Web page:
日曜日, 6月 27, 2004

What's your poison?

for a music lover, i found that i've not paid a visit to good ol' play.com in a long time. in the good old days (no, it wasn't 20 years ago), i'd buy cd's on a whim. reasons i'd use to justify my purchase were innumerable.

This is just one rack!


my friends keep raving about it. buy it.

kerrang! says its good. buy it.

the chick on the cover/in the mag looks gorgeous (read: avril's debut). buy it.

oh, we got tickets to see the gig? buy it.

that one song is good (err... the rest must be good). buy it.

i can go on. really.

my amassed cd collection is impressive. numerically. there are more gems than there are duds, though, i have to say. i started buying cd's way before owning a cd player (didn't buy one until i started earning, as dosh from parents were used strictly for... food! yum!). when i finally got my pioneer pd-s703 (not much by today's standard, but it was the dog's bollocks in its heyday), the rest is history.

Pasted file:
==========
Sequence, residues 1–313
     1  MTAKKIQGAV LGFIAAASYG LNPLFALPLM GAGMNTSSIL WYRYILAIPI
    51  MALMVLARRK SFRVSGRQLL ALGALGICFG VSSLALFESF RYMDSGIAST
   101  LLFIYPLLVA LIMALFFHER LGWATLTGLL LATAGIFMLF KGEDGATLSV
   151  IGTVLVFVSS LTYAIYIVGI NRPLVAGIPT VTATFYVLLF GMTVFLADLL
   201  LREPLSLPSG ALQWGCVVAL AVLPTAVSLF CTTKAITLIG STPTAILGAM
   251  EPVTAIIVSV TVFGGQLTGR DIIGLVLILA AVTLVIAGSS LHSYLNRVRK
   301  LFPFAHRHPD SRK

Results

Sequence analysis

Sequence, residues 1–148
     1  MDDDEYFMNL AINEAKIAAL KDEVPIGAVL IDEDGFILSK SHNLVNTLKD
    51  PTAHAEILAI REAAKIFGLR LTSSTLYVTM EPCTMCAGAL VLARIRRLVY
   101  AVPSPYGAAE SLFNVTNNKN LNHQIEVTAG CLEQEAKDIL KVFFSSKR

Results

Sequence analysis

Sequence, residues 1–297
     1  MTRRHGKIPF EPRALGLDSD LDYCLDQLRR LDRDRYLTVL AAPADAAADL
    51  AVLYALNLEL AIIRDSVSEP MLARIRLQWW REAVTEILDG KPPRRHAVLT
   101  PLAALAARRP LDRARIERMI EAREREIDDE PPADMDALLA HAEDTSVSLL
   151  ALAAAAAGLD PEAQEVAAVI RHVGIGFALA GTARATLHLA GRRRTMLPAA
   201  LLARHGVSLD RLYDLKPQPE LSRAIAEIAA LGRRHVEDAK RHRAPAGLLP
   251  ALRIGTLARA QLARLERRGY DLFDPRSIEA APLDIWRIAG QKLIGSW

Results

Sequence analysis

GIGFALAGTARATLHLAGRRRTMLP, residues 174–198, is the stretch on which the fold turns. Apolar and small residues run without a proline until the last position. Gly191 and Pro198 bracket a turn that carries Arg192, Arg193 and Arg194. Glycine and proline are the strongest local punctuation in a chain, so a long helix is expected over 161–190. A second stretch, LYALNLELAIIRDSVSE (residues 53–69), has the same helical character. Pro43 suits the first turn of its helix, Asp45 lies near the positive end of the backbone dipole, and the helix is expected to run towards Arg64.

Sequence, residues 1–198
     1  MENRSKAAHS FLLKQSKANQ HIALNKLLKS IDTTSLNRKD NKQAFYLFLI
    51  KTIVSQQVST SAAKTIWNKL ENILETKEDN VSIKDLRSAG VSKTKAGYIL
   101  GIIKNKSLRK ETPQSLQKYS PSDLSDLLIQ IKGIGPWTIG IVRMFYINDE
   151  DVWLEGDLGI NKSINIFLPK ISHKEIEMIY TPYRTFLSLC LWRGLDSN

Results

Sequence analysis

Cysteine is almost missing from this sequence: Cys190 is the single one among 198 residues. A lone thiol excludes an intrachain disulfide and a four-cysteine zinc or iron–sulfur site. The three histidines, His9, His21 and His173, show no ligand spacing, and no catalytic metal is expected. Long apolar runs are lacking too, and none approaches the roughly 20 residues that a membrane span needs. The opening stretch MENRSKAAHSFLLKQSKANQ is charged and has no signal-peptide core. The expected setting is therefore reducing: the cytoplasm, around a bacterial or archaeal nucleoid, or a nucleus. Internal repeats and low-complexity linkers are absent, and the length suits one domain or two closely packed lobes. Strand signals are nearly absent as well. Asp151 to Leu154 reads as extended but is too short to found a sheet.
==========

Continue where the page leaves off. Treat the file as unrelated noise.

rock music forms the bulk of my audio optical media repertoire. from metallica to pearl jam. from nirvana to train. and to (pause) the calling. everyone has a soundtrack of one's life. i can pause and look at the cd's on the rack, and little segments of old memories would come flashing by. before you think i am waxing lyrical on sentimentality, worry not. the music, for me, is played to rock.

in many sense of the word.